I was thinking again last night about whether it gets easier. In a way, yes, the habit of loss sets in. People can get used to anything - even a missing limb, even a missing person. But like a missing limb, it's always there - your body or your life will never be complete. It hits you over and over, despite the habit. It's not that you forget, but sometimes hope sort of rises unconsciously and then you think, well, actually, no - it doesn't matter whether I'm healthy or sick, whether my day is interesting or dreary, whether I look good or haggard, whether anybody cares, or not, because this will never change - my son will never not be gone. And then you wish there was a place where you could scream at the top of your lungs, but that wouldn't matter either, because your grief doesn't change anything either, so you just get used to keeping it inside and plodding on.
Ah, but there is one space still left to you. And it happened last night. In my dream I knew he hadn't died, though I didn't set out to convince anyone, perhaps because I knew they wouldn't believe me. How it happened, I didn't know - he got off on a technicality perhaps. This dream was familiar to me from when my mother died, but because she was sick, it was also filled with sorrow, because I knew she was still to die. But not with my son, because he didn't have to die - it was all a stupid mistake, and if only he had dodged it, everything would be different. But it's not. Death is the only incontrovertible truth. You can fall out with people, and it could seem that nothing would bring them back, but there is always hope that you would see past the betrayals and find each other again. Death is the only absolute. And, so, no - it never gets better.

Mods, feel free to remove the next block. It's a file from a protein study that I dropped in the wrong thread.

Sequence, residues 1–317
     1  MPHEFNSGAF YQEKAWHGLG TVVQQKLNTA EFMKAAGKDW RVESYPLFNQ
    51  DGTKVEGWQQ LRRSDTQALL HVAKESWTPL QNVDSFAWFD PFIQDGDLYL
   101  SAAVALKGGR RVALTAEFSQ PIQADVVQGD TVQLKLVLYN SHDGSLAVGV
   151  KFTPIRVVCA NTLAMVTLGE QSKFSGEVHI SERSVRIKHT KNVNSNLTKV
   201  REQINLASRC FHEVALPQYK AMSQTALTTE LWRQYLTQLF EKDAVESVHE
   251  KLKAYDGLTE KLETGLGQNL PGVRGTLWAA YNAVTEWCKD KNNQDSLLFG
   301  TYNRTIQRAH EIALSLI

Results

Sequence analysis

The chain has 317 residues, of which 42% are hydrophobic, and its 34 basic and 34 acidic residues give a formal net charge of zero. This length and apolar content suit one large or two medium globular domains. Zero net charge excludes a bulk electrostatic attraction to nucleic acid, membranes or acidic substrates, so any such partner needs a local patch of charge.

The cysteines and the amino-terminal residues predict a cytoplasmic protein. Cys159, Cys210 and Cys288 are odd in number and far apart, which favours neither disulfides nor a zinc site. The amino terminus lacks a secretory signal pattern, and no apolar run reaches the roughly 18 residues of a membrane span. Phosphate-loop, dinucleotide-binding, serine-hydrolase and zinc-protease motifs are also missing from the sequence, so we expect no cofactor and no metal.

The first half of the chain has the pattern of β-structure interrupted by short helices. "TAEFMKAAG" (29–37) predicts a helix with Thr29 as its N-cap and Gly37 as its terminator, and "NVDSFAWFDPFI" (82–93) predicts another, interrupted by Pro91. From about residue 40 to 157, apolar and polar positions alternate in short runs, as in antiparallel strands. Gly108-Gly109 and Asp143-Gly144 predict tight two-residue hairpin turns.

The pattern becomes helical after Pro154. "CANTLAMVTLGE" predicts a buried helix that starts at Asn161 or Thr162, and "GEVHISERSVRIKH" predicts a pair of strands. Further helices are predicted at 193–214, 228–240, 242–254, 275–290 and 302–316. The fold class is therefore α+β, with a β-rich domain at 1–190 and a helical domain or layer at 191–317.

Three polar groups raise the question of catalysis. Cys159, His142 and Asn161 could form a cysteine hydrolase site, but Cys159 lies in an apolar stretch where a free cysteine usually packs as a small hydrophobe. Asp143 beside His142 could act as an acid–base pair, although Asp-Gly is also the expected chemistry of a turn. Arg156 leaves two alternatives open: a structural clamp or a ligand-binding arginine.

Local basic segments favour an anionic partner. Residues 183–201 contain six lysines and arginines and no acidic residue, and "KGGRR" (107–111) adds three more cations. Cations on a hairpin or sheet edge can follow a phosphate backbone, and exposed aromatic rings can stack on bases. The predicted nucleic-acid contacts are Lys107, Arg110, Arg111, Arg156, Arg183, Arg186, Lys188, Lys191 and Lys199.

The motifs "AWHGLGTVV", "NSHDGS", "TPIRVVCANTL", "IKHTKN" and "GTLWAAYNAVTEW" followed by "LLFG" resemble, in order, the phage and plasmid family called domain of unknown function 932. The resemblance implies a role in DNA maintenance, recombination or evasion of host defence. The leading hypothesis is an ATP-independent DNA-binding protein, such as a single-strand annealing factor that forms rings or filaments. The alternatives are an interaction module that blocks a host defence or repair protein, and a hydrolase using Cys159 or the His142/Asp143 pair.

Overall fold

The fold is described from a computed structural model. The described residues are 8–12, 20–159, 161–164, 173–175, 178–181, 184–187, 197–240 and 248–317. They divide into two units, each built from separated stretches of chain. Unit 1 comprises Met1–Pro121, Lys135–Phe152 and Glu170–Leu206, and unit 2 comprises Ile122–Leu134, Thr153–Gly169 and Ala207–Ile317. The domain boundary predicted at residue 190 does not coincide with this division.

Saturday, December 7, 2013
"There is always a little flicker there. It is a bit like the small glowing embers you see after a fire dies down. I carry that around me, a little ember, and if I need to, if I want to have Claire next to me, I blow on it, ever so gently, and it glows bright again."That is how it is, except there are times when the flame burns so bright, you want it to consume you, but it can't and you are left outside in the cold, still there knocking your head against the wall. The article I got the above quote from reminded me of my son's first experience with death. It was my grandmother, his great-grandmother, who died when he was four. He saw her in the months before that when she got sick. I remember we were in the car, when I told him she had died. Somehow, he already knew what death was, I didn't have to explain. Acting well beyond his years, and a little theatrically, I thought at the time, he teared up and hid his eyes with his little fists. Soon after that he woke up from a nightmare crying. When I asked him what it was about he said that he dreamed I was old. I didn't ask him, but I'm sure he associated being old with dying. I could only assure him that I was not going to be old for a very long time. As it turned out he would never see me old.